Song of the Day #107 – Michael Penn

Today’s video features a new song called The Count of Pennsylvania (lyrics below) from talented singer/songwriter Michael Penn. This song has the feel of a stirring political anthem, in the tradition of Woody Guthrie and Bob Dylan, but with a twist – it’s about fabricated political movements that capitalize on fear and hatred (“a mob is a democracy that buys a rope and picks a tree”). What do you think Michael is referring to in the repeated refrain “get in on the landslide”?. That line makes me think about how we all clamored for change in the Obama election and then, only two years later, voted for another, entirely opposite, kind of change. As a nation, we seem less interested in real reform and more interested in “getting in on the landslide”.

The Count of Pennsylvania by Michael Penn

the Count of Pennsylvania never left the Commonwealth
he loiters in the alley like a shadow of his former self
cast against the brick and mortar, smoke, and pipes, and stacks
one more for the list-makers, a statistician’s artifact
a victim of amphetamines, of cogs, and things that let off steam
of markets, and of cold machines, that left him in-between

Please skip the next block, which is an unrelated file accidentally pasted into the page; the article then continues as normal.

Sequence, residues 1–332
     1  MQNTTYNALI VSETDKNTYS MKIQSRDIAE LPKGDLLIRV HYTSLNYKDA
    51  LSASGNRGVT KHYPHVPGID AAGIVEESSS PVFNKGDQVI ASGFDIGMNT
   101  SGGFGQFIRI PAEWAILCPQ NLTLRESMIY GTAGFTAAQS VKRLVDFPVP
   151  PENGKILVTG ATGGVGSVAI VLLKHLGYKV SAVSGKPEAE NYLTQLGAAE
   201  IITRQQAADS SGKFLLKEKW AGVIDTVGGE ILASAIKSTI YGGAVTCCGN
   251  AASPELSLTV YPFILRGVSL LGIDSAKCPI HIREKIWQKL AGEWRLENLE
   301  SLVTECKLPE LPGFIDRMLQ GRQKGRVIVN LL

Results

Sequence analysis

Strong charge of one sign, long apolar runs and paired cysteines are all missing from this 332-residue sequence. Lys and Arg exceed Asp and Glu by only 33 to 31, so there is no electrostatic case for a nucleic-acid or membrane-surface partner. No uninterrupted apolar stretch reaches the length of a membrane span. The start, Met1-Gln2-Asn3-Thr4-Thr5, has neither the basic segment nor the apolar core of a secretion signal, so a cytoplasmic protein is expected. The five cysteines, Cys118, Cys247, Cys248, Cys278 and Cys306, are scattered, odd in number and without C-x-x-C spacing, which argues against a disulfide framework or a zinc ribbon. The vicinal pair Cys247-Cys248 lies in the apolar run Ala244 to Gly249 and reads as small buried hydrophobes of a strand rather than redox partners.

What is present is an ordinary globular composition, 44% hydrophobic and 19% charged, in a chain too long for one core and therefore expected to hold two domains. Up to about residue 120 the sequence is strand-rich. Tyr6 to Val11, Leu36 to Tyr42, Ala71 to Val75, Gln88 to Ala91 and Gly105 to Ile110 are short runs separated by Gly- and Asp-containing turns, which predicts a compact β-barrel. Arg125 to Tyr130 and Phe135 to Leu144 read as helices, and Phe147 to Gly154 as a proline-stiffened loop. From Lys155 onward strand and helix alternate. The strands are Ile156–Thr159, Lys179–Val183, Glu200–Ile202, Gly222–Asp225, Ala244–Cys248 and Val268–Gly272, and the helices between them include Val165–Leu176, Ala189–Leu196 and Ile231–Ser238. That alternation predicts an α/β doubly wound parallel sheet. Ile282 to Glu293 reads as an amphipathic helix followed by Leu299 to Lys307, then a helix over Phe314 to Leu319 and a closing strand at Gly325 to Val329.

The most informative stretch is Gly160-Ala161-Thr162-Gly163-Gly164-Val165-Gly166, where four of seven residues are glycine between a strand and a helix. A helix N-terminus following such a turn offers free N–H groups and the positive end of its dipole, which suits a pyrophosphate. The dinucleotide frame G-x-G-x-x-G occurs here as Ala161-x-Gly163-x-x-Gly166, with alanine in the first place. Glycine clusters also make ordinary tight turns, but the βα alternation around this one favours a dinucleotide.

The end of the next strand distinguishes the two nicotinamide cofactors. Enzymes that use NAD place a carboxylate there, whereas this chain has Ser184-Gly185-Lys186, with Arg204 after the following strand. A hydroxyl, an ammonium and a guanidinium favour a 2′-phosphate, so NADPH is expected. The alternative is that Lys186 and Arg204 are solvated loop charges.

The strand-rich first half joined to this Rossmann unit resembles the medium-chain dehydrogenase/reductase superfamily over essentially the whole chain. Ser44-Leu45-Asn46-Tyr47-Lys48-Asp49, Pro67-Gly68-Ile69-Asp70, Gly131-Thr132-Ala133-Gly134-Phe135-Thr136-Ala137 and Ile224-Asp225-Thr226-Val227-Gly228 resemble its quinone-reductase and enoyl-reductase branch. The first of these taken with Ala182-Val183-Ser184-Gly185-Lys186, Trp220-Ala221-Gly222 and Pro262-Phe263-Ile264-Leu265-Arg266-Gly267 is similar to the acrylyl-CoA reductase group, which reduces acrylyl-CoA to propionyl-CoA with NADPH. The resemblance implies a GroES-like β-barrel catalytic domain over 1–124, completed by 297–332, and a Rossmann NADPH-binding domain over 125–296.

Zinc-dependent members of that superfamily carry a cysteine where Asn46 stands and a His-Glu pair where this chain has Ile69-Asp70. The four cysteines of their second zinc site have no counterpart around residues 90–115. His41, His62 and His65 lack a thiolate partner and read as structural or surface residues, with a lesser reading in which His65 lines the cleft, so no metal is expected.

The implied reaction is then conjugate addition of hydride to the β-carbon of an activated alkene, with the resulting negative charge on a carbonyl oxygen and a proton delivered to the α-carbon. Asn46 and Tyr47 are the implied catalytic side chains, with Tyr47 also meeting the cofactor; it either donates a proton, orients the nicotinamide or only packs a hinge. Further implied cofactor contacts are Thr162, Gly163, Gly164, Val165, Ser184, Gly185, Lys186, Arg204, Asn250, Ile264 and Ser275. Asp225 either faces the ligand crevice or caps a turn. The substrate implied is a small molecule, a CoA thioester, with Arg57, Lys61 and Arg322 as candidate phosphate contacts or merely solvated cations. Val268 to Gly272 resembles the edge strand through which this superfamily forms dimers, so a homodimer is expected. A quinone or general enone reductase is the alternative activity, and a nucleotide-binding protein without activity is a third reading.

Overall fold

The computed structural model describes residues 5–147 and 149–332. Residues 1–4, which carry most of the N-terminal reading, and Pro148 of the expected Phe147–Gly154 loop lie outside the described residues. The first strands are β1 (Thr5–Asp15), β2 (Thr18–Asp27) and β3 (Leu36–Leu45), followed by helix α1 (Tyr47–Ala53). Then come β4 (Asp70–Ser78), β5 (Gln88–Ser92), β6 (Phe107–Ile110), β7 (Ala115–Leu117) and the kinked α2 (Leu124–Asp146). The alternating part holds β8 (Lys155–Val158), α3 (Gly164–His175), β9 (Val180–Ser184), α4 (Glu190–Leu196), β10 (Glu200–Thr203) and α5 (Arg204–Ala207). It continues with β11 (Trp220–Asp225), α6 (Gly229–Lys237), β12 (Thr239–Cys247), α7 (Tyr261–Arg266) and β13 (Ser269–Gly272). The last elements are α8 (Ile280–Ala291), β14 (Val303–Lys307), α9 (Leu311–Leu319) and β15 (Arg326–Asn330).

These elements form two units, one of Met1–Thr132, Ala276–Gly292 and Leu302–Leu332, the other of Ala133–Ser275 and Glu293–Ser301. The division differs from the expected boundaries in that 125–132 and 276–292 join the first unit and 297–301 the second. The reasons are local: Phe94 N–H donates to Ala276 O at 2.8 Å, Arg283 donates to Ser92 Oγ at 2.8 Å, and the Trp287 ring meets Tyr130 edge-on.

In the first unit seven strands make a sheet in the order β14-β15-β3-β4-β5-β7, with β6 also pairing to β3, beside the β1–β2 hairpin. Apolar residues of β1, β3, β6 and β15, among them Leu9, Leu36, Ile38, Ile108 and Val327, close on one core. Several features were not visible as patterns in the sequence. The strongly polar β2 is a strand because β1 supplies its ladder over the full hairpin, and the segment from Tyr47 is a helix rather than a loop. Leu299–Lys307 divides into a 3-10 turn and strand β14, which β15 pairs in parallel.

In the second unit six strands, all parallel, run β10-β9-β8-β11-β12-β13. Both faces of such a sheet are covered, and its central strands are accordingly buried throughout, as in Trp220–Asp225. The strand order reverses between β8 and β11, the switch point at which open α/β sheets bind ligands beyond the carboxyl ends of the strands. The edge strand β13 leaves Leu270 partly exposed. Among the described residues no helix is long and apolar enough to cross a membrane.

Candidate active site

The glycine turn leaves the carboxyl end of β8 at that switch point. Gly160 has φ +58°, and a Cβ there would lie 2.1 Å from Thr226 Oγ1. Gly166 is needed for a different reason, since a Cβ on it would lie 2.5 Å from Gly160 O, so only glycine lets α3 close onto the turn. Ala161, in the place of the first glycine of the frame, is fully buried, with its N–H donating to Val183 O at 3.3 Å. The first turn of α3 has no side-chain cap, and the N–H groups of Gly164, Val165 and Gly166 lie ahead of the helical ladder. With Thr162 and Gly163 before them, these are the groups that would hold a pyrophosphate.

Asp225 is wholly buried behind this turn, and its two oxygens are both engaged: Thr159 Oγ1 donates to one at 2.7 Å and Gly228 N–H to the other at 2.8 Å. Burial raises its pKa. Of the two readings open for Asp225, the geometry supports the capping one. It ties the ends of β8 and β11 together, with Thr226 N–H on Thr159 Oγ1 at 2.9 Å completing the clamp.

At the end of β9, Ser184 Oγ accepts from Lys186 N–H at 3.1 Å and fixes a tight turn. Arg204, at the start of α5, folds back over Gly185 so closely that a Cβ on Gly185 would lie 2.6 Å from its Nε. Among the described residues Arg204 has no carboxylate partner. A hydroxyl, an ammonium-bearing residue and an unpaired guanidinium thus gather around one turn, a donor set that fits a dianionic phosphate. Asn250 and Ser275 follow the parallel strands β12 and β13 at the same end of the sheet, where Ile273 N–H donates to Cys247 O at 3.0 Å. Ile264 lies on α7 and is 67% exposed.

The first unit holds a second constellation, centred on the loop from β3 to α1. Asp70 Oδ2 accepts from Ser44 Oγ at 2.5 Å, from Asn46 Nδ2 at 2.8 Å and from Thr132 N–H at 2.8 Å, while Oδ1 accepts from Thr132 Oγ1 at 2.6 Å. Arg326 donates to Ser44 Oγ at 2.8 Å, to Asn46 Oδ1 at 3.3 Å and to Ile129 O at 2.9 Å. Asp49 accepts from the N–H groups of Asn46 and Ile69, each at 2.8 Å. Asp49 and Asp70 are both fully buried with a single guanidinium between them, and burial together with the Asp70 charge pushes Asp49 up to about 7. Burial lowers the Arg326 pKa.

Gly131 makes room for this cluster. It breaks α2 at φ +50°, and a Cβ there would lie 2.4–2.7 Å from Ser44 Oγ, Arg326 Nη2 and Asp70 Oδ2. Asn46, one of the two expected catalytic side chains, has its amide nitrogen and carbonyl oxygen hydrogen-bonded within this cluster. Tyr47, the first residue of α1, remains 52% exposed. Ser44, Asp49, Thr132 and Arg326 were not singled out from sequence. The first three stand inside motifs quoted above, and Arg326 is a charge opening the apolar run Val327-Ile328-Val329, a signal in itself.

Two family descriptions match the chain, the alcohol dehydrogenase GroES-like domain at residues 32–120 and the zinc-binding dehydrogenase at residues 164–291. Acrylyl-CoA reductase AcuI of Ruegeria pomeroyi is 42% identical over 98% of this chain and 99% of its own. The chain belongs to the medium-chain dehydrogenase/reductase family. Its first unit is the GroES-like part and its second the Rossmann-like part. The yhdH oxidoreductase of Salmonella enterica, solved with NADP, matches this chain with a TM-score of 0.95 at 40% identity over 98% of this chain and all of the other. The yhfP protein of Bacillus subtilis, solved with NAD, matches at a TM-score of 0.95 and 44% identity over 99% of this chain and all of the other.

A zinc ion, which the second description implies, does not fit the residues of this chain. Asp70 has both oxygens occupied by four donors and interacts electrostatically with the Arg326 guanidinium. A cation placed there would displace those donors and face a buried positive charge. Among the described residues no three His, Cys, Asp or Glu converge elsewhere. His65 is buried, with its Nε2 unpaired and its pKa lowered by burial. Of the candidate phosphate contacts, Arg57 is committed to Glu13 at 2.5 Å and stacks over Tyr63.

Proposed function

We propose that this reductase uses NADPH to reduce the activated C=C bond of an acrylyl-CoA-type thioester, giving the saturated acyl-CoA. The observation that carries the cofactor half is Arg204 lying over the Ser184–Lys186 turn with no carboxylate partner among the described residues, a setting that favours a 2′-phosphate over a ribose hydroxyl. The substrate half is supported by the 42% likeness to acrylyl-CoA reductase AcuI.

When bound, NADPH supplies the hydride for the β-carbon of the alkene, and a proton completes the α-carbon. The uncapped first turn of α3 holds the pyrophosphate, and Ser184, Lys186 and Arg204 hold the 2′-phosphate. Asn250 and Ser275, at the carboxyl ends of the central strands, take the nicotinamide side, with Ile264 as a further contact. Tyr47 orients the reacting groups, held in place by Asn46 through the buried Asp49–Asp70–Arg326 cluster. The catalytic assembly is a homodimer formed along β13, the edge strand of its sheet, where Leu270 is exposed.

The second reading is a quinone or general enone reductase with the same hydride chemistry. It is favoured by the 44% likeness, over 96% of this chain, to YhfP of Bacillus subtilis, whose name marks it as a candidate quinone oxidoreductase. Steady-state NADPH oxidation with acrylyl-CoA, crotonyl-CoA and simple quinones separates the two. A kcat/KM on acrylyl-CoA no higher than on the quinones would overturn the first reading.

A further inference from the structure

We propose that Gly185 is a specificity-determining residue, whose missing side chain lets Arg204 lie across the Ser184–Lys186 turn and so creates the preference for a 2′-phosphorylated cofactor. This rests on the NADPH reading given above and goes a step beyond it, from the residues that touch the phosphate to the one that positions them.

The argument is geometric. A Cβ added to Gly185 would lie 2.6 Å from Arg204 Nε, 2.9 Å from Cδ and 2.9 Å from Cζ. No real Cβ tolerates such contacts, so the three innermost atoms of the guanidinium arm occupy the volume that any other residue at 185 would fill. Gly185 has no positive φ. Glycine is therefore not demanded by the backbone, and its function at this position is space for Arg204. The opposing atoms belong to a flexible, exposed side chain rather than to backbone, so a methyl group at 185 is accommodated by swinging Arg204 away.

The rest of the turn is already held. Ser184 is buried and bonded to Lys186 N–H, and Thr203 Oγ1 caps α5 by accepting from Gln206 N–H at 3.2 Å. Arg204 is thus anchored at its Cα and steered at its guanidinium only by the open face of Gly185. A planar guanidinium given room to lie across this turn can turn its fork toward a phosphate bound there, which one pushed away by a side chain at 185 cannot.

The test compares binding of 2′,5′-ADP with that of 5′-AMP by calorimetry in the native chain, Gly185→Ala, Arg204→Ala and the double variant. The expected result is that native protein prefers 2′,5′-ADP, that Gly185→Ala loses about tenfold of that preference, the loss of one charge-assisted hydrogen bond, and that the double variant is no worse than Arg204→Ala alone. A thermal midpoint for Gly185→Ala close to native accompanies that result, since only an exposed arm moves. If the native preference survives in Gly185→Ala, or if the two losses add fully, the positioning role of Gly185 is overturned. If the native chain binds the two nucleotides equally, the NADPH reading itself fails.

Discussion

with customers and soldiers to divide

but it’s rising like a high tide,
stretching out so far and wide
the line is long but what a ride!
get in on the landslide

the Count of Pennsylvania traded in his overcoat
heaven’s on the avenue inside a flask of antidote
to a cankered constitution, pettiness, and bile
better never give a shit…you’ll sleep it off, it might take a while
but rolling up from underneath through amber waves of corn and wheat
and cracks appearing in the street and in everyone you meet
think about it baby, look outside

’cause it’s rising up, a high tide
stretching out so far and wide
the line is long but what a ride
get in on the landslide

the Count of Pennsylvania takes a look around the room
you get who’s in the neighborhood, you’ve talked this over, I presume
a mob is a democracy that buys a rope and picks a tree
and clamors with a clamory and thinks that makes them free
forgive them, father, for they don’t have a clue

but they’re rising up, a high tide
stretching out so far and wide
the line is long but what a ride
get in on the landslide

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